Investigators believe Somon had no intent to create a real business venture in Vanuatu, but simply wanted to take money from his victims and leave them stranded.
A flimsy Mr Price showroom was built in the centre of town. Investigators would later find that Somon had simply taken the brand and logo from the South African company. Hundreds of people would walk past the storefront every day not knowing that it was a front for an unsophisticated slavery operation.
When Somon was eventually arrested, he denied he was from Bangladesh, and claimed he was a Zimbabwean national, though investigators later discovered his passport was forged.
Bangladesh ranks as the sixth largest source of migrants globally, and many of them rely on expensive recruiters or “dalals” who act as informal middlemen between prospective workers and employers abroad.
The situation puts thousands of Bangladeshis at risk of trafficking each year by agents who deceive or exploit migrants with fake promises of good jobs and profits abroad. Some of the recruiters have themselves been victims of trafficking.
“In absolute numbers, Bangladeshi people are among the most commonly detected victims of trafficking worldwide,” a 2022 study on trafficked persons in Bangladesh states.
Abdusattor Esoev, chief of mission of International Organization for Migration Bangladesh, said many victims of trafficking were fed “a big lie” that they could secure theirs and their children’s lives by migrating abroad.
“Many people spend their wealth and lifetime savings and dream about going abroad, especially in developed countries,” he said.
“Some end up being trafficked, where they are pushed into forced labour, sexual exploitation or debt bondage.”
The head of Vanuatu’s transnational crime unit, Charlie Willie Rexona, says foreign workers from the Philippines and other Asian countries often tell him their passports are kept by their bosses – a clear sign of human trafficking
“Trafficking is happening. Smuggling is still happening here. But it is not being reported,” he said.
Senior Inspector Willie Rexona, who became a lead investigator in the case, believes Somon got away with the money-making scheme simply because the crime was so new in his country.
“They tried to set up his scam in other countries like PNG, the Federated States of Micronesia, they were testing lots of other countries,” Willie Rexona said, adding that the traffickers decided on Vanuatu after identifying “loopholes” in its laws.
“Our people tend to keep to themselves; they just aren’t aware of the indicators of trafficking, even amongst immigration officials,” he said.
Uncharted legal territory
The unique nature of the crime and the number of Somon’s victims posed problems during the lengthy and tedious trial in Port Vila.
The Vanuatu government did not have the means to feed and accommodate the 107 victims, who were now key witnesses.
After starving for months in Somon’s captivity, many would go hungry once again while justice took its slow course.
Then there was the difficulty in actually prosecuting Somon and his associates.
Vanuatu lacks any specific laws that define slavery and trafficking, so Vanuatu’s Public Prosecutor Josiah Naigulevu was forced to use international conventions, so far untested in Vanuatu courts, to bring his charges against the four defendants.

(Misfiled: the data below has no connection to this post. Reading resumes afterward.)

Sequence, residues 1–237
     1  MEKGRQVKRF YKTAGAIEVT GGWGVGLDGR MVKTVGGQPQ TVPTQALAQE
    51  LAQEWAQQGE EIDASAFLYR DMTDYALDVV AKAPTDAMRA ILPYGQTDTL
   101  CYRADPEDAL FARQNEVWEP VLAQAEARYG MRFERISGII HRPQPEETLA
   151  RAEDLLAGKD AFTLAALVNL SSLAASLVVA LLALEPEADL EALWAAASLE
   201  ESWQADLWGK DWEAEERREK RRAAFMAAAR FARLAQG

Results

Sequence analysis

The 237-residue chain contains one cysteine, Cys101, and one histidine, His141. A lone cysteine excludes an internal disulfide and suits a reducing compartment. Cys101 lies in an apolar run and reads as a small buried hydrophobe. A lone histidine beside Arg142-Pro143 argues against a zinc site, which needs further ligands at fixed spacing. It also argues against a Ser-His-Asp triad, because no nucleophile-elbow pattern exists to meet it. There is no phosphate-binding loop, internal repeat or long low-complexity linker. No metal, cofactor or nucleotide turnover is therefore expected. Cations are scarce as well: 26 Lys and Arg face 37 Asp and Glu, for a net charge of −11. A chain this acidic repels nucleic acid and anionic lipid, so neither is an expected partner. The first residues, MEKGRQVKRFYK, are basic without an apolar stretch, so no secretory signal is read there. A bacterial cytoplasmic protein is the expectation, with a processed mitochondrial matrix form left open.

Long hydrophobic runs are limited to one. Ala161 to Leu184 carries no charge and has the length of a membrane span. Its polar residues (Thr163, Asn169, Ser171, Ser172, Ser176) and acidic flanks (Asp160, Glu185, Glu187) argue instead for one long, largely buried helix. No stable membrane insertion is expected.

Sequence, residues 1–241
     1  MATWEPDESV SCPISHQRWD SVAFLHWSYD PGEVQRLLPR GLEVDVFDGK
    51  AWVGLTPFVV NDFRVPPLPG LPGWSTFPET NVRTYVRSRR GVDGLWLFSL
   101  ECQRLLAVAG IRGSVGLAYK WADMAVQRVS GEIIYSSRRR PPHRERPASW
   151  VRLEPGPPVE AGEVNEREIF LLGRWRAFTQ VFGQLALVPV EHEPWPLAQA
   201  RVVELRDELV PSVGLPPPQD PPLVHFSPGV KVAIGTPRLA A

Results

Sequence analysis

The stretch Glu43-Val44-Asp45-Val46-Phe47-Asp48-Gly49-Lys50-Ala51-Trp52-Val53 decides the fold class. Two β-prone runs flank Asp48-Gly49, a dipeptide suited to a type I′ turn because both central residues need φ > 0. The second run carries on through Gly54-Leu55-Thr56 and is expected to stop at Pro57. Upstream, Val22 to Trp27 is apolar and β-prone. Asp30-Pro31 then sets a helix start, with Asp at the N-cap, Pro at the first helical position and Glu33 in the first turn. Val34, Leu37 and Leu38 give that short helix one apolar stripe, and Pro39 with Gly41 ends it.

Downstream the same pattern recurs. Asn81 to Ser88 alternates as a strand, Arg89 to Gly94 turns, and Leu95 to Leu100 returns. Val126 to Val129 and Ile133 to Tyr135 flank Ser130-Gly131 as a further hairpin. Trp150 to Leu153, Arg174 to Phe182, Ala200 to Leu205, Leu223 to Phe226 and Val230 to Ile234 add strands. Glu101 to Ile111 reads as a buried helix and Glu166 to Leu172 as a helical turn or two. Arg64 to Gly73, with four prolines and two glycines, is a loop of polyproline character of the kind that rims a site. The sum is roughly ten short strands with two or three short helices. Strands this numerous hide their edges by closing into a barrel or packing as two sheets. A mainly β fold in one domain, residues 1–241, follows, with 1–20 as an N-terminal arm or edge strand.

“What I did was I looked at what conventions that Vanuatu had ratified,” Naigulevu said.
“There was UNTOC, the United Nations Convention [Against] Transnational Organised Crime, and it had elements touching on both slavery and, and trafficking persons,” he told Al Jazeera
His legal tactic worked, and the judge ultimately accepted the charges in what would become the region’s largest trafficking case.
In June 2022, Somon, who was 37 at the time, and his 27-year-old wife, Buxoo Nabilah Bibi, and two other collaborators, were sentenced for trafficking, enslavement, money laundering, assault, threats to kill and employing non-citizens without work permits.
Somon is still in jail in Vanuatu, serving a 14-year sentence. His wife and two associates were given sentences about half as long, but were released on parole earlier this year and deported to Bangladesh after paying a fine. Director of Corrections Johnny Marango told local media at the time that it was “normal” to deport foreign detainees.
The four criminals were also ordered to compensate the 107 victims a total of more than $1m, but this amount has not been paid.
Compared with other countries, Naigulevu believes the sentences were light.
“We need to review the law in this country in terms of maximum sentence,” Naigulevu told Al Jazeera.
“Because obviously, when they created this law, they didn’t anticipate a trafficking case of this scale,” he said.
Since the trial, all of the victims have returned to Bangladesh, except Shahin.
Since he became one of the key witnesses in the case, he fears Somon and his associates could target him if he dared return to Bangladesh.
He feels it is safer to remain living in Vanuatu and he has brought his wife and children to live with him.
“I’m feeling much safer than before because I just worried about my kids,” Shahin told Al Jazeera.
Shahin’s ordeal is not yet over. His immigration status is in limbo in Vanuatu and his attempts to gain refugee status through the United Nations have been knocked back.
He still has hope, though, and his sights remain set on migrating one day to a place where he can provide a better life for his family.
But, for now, Vanuatu is a safer home than Bangladesh, Shahin said.
“I hope I can settle in Canada or Australia or somewhere because I still struggle to live here in Vanuatu.”